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Issues remain despite passage of relief bill for eugenics victims

11 1 0
25.04.2019

A bill to compensate people who were sterilized under a widespread and decades-long eugenics program was enacted on April 24 and immediately put into effect.

Under the program, which was based on the Eugenic Protection Law, some 25,000 people with physical, intellectual or mental disabilities or genetic diseases were forcibly sterilized, robbed of the possibility of bearing, begetting and rearing children. The program was designed to achieve the national goal of halting the procreation of people deemed inferior.

More than 20 years since the eugenics law was abolished in 1996, a program to provide relief to surviving victims is finally in place. But the legislative initiative, which was triggered by a lawsuit filed last year by one victim, has come far too late.

MOUNTAIN OF UNRESOLVED ISSUES

The folly, which started immediately after the end of World War II, continued for nearly 50 years. The Diet, which enacted the eugenics law, the government, which promoted the policy, and society as a whole, are being held responsible for failing to tackle the problem for so long.The enactment of the relief measure should lead the nation to make a renewed determination to protect the dignity of individuals and embrace social diversity.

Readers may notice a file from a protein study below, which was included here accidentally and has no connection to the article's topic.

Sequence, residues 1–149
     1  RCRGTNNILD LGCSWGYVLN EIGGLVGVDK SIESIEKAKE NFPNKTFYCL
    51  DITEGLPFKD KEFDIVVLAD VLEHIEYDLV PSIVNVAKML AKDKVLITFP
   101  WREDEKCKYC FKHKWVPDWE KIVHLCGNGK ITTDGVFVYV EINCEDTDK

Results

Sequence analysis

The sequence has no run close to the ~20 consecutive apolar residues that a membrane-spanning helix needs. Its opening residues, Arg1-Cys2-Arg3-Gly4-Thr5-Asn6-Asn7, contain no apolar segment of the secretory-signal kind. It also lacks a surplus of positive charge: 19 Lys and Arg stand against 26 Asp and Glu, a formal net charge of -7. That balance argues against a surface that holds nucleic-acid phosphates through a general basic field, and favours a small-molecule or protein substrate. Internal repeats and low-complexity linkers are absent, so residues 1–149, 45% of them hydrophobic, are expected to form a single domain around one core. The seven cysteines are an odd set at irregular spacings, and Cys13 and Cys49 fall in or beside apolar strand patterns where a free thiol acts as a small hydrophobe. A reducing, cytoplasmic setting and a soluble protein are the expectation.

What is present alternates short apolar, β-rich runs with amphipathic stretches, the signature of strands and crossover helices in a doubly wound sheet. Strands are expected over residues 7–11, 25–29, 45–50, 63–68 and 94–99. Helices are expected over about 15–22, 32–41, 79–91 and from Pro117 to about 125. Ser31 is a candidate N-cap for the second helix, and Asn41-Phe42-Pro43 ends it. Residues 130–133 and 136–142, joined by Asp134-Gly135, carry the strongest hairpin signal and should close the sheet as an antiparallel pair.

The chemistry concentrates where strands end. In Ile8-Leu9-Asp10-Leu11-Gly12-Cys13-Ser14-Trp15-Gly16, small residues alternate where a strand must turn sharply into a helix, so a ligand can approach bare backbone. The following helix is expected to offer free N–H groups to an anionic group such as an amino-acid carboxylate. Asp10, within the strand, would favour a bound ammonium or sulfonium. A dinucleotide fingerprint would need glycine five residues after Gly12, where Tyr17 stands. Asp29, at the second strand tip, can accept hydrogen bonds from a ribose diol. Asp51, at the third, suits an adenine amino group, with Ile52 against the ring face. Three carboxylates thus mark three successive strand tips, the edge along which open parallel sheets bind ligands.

The compensation program will provide lump-sum payments of 3.2 million yen ($28,500) to each of the victims in response to their applications for relief filed with a screening panel of experts. But only about 3,000, or slightly more than 10 percent of the people who underwent state-ordered sterilizations, have been identified.

It is vital to send notices to individual victims who can be contacted while taking effective steps to identify more victims and make the procedures for applications widely known.

The government has decided against sending notices to individuals citing concerns about possible privacy violations. But there are quite a few surviving victims who are not even aware that they had the operation because of their disabilities and whose parents........

© The Asahi Shimbun